“It was either a person or an animal. Which?” Jones was getting irritated.
Mathews shook his head. “I only saw it for a moment in the headlights. It wasn’t like anything I’ve ever seen before.”
The police officer pulled out his flashlight and searched the area around the car. There was what appeared to be black hair on the ground. Probably from a dog, Jones thought. It must have been a dog that Mathews had hit. He looked again at the dent in the car. But it must have been one huge dog to have dented the fender like that.
Jones next performed a routine investigation of the area beyond the car. Nothing. Weird, Jones thought. What kind of dog could sustain an impact that hard, then walk away…without a trace?
After the police officer finished taking the report, he determined that Mathews’ car was safe to drive and let him go. Jones returned to his patrol. That was the end of his excitement for the night. Or so he thought.
Over the next two hours, a half-dozen reports of motorists’ sightings of a mysterious “something” were reported to the Fort Lauderdale Police Department. And each report was similar to the story offered by Henry Mathews. Either a lot of people were seeing ghosts or there really was something strange out there in the night.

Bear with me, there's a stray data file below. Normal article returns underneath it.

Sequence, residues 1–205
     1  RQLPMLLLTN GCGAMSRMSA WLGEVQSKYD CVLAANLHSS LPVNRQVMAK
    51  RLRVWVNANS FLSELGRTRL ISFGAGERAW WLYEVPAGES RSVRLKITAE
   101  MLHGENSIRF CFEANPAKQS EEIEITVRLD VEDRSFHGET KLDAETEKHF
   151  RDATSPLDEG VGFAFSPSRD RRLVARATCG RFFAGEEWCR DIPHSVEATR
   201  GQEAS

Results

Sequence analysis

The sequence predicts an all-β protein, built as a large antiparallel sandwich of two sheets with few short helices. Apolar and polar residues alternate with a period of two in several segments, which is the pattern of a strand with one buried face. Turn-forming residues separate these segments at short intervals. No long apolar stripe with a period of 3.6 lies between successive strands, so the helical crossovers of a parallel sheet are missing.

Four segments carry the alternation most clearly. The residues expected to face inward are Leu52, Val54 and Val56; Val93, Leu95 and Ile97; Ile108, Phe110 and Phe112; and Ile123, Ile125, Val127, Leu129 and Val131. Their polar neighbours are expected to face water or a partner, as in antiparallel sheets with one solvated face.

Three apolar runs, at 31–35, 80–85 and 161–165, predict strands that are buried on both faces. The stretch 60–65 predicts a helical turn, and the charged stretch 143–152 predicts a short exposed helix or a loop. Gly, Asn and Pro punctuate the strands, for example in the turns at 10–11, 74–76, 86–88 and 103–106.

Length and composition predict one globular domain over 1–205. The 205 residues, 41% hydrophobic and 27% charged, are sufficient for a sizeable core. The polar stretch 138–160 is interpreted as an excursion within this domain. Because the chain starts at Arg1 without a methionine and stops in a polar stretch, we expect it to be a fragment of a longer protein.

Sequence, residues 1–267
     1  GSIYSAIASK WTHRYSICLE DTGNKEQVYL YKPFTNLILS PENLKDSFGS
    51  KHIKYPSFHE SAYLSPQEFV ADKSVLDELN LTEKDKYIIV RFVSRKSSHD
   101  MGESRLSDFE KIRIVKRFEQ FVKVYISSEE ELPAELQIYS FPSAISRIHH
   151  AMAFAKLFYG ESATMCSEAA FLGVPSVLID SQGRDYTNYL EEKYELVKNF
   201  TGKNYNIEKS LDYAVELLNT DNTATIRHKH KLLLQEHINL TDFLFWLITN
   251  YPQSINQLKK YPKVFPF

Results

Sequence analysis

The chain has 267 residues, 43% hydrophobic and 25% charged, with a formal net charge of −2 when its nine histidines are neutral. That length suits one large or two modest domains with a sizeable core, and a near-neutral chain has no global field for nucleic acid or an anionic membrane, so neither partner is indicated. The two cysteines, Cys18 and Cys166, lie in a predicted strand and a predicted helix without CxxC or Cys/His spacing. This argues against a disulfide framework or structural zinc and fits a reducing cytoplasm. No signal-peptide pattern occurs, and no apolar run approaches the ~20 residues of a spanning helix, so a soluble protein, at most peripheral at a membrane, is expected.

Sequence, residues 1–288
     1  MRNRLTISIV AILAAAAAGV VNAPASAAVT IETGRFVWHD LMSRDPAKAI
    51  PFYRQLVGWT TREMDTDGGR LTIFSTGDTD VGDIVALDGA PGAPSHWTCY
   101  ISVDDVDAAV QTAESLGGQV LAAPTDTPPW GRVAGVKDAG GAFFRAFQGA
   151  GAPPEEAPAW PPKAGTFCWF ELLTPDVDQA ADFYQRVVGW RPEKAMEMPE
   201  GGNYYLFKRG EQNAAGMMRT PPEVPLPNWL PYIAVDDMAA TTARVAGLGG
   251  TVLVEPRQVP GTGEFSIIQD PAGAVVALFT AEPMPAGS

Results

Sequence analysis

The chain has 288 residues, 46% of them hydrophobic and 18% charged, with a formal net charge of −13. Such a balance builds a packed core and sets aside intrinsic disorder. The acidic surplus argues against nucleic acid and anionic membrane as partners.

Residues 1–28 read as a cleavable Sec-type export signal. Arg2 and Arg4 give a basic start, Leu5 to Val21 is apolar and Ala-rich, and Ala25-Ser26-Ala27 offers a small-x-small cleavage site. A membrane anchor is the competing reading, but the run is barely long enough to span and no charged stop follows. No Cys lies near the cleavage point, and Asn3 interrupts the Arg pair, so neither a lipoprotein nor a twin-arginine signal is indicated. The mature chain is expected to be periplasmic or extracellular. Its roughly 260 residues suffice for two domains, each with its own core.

Jones took out a map of Fort Lauderdale and began to pinpoint each of the sightings. He saw a pattern form, based on when and where the sightings took place. Whatever the creature was, it had come out of the swamp north of town; then it seemed to have lost its bearings. Being hit by a car would tend to cause that. But now, based on the reports, it had circled around and was headed back toward the swamp.
It was three in the morning, his mid-shift break time, but Jones was too curious to quit now and drove back to where the first incident had occurred. That was where he knew the “something” was headed. And he planned to be there when it arrived.
But the road was empty when he got there. The fog had thinned and he could see that there was nothing suspicious in the area. Walking to the edge of the swamp, Jones thought he was too late. Whatever it was, it had vanished back into its lair.
Then he heard it. Footsteps. Something running. Muffled, like it was wearing tennis shoes or slippers. And it was coming straight toward the place where he was standing.
Jones turned in time to see it materialize out of the fog behind him. It was big and black, just like the thing described by Henry Mathews and the other dozens of sightings. But now, close up, it seemed even bigger and blacker than he had expected.